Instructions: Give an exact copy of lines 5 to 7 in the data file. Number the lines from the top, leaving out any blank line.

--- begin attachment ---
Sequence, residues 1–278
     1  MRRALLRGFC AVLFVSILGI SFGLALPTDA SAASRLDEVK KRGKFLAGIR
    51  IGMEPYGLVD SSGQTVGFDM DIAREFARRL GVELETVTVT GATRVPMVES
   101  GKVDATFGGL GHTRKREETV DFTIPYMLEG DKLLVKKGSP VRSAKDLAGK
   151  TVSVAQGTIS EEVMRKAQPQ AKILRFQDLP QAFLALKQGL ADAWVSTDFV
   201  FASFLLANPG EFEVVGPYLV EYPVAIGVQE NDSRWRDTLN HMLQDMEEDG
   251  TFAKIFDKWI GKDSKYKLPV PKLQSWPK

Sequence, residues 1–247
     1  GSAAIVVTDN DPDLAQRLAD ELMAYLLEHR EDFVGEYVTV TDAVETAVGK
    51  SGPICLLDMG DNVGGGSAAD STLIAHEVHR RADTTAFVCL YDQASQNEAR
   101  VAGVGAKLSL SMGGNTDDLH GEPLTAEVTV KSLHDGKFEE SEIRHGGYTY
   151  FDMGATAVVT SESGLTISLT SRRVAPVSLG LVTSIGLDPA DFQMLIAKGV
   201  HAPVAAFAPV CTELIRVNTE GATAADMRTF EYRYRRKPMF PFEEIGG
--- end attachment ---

   151  TVSVAQGTIS EEVMRKAQPQ AKILRFQDLP QAFLALKQGL ADAWVSTDFV
   201  FASFLLANPG EFEVVGPYLV EYPVAIGVQE NDSRWRDTLN HMLQDMEEDG
   251  TFAKIFDKWI GKDSKYKLPV PKLQSWPK